New model for deep mantle conveyor belt system at the core of the Earth
Geophysicists at the Earth-Life Science Institute (ELSI) at the Tokyo Institute of Technology report in Nature Geoscience a new model for the existence of a deep mantle conveyor belt system that may have operated inside the Earth since its formation about 4.5 billion years ago.
Most earthquakes, volcanoes, mountain building, sea-floor spreading, and other major geological activities on Earth are driven by so called plate tectonics, where large sections of the Earth's crust move as coherent blocks—or plates—that crash together, pull apart, slide on top of each other, and pass one another at their boundaries. Beneath the plates lies the 3000 km thick rocky mantle, composed of hot pliable rock that slowly deforms and churns under the immense pressures and temperatures of the deep interior. This churning motion, or mantle convection, acts to remove heat from the Earth's interior, similar to the circulation in a slowly boiling pot of stew. Mantle convection ultimately drives the motion of tectonic plates. In turn, the plates also stir the mantle, where they are subducted because of sliding on top of each other, and sink through the mantle to great depths.
Scientists have long wondered whether the Earth's mantle is well mixed by this stirring and the churning convective motions (mantle convection), or if the lower part of the mantle is different in composition than the upper part. That some plates are subducted to the very base of the mantle, travelling 3000 km in about 200 million years, has been traditionally taken as evidence for a well-stirred and mixed mantle stew.
The poorly-mixed Earth's mantle stew
In this research, the scientists took a new approach by considering whether the chemical composition of mantle rocks affects the churning convective motion. Some rocks deform and flow more readily than others, behaving like water as opposed to high viscosity liquids such as honey. For example, pouring water into a pot of stew results in the water mixing with the stew even without much stirring. Needless to say, it would take much more time for honey to mix with stew. Notably, if dumplings are put into stew, then both components will never mix. Even though dumplings are generally deformable; the boiling stew just flows around the dumplings because it is much more deformable, or less viscous, than dumplings.
Now, in the Earth, lower mantle-rocks behave more like stew than dumplings (or more like water than honey) depending on their chemical composition. If rocks in the lower mantle are relatively enriched in silica (or SiO2, which is also the main component of sand), they are more viscous and behave more like dumplings compared to silica-depleted rocks, which are weaker and behave more like the stew itself. This is intriguing because many meteorites that are considered the building blocks of Earth have a higher silica content than rocks in the upper part of Earth's mantle. To make up the balance of silica-depletion in most mantle rocks that have been probed, at least some rocks in the lower mantle should be relatively silica-rich. So, the Earth's mantle might be a bit like a well-mixed, silica-depleted stew with some poorly-mixed silica-rich dumplings near its base.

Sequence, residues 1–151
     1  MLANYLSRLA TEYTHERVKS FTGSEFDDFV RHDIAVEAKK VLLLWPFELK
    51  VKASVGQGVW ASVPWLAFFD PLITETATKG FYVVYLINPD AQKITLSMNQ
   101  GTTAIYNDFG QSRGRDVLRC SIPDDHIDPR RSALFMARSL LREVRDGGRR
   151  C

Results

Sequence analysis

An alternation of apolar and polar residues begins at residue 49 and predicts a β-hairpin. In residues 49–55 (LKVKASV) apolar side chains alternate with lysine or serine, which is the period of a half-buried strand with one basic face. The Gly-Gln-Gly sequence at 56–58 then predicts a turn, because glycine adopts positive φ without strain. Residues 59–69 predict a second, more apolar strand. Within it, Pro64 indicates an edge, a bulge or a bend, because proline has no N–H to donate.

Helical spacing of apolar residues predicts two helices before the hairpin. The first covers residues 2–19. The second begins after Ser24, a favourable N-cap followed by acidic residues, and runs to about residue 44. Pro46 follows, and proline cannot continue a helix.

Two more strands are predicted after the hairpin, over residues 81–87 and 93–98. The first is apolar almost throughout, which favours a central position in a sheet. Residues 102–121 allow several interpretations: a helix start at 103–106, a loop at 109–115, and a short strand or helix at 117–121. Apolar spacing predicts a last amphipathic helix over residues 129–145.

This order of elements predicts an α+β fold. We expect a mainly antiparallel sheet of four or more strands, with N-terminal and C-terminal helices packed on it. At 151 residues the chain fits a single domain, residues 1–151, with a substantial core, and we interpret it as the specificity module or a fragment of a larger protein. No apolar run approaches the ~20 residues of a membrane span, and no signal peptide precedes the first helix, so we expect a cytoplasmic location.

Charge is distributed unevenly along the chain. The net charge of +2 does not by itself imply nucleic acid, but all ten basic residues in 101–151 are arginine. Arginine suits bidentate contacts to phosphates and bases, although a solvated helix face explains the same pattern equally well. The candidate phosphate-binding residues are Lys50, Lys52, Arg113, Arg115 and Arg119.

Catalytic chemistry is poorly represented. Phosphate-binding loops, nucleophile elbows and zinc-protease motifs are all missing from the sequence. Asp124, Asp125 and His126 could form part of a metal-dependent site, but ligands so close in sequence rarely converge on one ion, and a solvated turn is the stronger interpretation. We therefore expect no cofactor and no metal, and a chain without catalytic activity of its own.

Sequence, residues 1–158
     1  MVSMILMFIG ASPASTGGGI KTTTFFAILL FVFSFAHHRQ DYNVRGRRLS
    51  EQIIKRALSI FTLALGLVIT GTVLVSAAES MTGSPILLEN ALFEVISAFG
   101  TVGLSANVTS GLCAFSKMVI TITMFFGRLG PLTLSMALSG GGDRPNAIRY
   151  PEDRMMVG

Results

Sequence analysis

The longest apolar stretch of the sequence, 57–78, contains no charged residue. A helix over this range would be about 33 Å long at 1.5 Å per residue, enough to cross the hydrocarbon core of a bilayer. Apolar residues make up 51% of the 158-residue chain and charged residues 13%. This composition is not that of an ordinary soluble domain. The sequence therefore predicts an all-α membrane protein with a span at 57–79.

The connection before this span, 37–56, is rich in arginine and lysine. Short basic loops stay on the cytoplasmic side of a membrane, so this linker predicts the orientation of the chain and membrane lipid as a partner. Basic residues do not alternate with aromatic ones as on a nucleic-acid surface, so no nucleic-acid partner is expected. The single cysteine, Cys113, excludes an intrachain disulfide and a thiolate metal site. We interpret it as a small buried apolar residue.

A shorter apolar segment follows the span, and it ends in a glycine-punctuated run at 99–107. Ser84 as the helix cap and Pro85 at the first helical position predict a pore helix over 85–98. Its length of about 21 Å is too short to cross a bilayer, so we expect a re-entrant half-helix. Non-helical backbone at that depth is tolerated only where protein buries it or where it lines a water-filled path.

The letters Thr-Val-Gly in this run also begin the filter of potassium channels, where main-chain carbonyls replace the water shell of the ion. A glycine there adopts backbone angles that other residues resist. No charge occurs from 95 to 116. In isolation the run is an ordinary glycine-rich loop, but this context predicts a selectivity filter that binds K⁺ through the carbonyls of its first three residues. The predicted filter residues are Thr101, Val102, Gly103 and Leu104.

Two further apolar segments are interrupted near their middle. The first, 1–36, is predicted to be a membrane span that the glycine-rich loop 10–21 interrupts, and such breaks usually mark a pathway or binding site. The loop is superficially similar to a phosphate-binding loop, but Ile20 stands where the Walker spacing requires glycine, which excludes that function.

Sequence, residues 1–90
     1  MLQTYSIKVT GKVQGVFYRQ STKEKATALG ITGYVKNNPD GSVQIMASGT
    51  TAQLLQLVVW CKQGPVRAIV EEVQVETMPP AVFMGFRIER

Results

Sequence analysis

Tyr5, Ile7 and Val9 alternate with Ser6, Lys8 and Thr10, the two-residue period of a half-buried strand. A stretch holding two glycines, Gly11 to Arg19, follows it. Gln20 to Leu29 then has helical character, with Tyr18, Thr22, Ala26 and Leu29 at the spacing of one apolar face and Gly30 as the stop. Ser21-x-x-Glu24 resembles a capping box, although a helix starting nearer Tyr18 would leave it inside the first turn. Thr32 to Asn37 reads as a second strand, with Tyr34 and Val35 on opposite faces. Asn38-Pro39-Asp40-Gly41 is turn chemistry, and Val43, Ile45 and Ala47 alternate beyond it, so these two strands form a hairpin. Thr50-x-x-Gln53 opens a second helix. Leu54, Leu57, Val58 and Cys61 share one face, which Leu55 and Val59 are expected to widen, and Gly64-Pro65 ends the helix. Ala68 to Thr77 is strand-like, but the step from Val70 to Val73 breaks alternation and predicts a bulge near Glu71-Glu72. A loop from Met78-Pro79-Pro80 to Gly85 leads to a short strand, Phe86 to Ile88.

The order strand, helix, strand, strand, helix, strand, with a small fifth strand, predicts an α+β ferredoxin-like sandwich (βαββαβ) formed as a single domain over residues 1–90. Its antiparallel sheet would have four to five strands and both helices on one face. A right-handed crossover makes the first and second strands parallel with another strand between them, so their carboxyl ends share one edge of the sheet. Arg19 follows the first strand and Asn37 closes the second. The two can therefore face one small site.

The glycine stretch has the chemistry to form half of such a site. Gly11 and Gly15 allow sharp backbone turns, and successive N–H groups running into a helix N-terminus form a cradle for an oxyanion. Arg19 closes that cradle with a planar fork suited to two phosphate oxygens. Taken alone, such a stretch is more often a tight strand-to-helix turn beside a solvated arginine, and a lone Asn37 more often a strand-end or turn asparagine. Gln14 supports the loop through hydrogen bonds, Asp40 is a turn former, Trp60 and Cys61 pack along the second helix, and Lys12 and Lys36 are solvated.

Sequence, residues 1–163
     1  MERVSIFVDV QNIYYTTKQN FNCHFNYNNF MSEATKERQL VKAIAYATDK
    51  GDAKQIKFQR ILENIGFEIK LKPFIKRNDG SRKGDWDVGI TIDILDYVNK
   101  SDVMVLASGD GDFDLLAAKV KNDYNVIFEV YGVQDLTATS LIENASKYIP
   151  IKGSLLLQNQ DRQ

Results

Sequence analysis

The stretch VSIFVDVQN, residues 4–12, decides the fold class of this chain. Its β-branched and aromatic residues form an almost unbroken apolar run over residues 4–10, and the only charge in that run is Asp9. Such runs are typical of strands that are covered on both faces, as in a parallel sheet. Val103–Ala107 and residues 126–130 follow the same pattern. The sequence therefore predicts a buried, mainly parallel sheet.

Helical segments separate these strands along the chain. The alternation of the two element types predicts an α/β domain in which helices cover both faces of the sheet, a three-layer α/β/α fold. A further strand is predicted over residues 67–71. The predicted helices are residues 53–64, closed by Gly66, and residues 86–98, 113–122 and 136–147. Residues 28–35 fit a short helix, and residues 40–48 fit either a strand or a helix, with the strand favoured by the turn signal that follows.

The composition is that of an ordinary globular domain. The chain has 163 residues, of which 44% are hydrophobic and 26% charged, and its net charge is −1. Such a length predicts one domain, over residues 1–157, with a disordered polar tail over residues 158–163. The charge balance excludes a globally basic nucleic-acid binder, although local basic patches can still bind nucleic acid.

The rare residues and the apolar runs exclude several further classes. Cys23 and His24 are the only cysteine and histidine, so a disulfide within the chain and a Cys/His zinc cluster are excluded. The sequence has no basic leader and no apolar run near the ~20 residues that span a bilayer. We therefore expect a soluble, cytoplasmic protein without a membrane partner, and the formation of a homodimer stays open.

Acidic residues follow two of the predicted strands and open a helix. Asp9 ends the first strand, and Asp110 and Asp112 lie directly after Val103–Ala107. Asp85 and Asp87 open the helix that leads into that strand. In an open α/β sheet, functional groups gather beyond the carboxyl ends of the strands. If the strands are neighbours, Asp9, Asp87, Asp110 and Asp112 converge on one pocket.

To study the churning motion of the mantle stew, Maxim Ballmer and his colleagues at ELSI added a strong silica-rich layer into numerical simulations of mantle convection. They found that, after a major overturn of the initially imposed layering, the mantle became organized into large roll-like convection cells, where weak silica-depleted rocks fill the upper mantle and circulate around strong silica-rich blocks in the lower mantle along a giant conveyor belt (Fig.1).
Giant blocks of ancient rocks hidden beneath Africa and the Pacific?
In the simulations, this pattern of churning convection remained stable for many billions of years, and longer than the age of the Earth. The strong silica-rich blocks in the lower mantle are probably more than 1000 km in diameter and 10,000s km long, making up approximately 15% of the mantle's mass. Ballmer and his colleagues think that they are hidden far below Africa and the Pacific, shaped like giant sausages or donuts.
The existence of such strong domains can explain why some of the subducted plates do not sink toward the base of the mantle, but rather pond at intermediate depths, where they encounter the strong sausages or donuts. The long-term stability of these domains can further account for the geochemical diversity of deep-sourced lavas at the Earth's surface. While some lavas are related to melting of mantle rocks that have been recycled from the near-surface crust and circulated through the mantle, others trace evidence of ancient domains that have avoided circulation and recycling since the earliest days of our planet.
The survival of ancient rocks in the convecting mantle has been a long-standing puzzle to many scientists, but may now be resolved as a consequence of inefficient mixing between strong silica-enriched rocks and the much weaker silica-depleted mantle.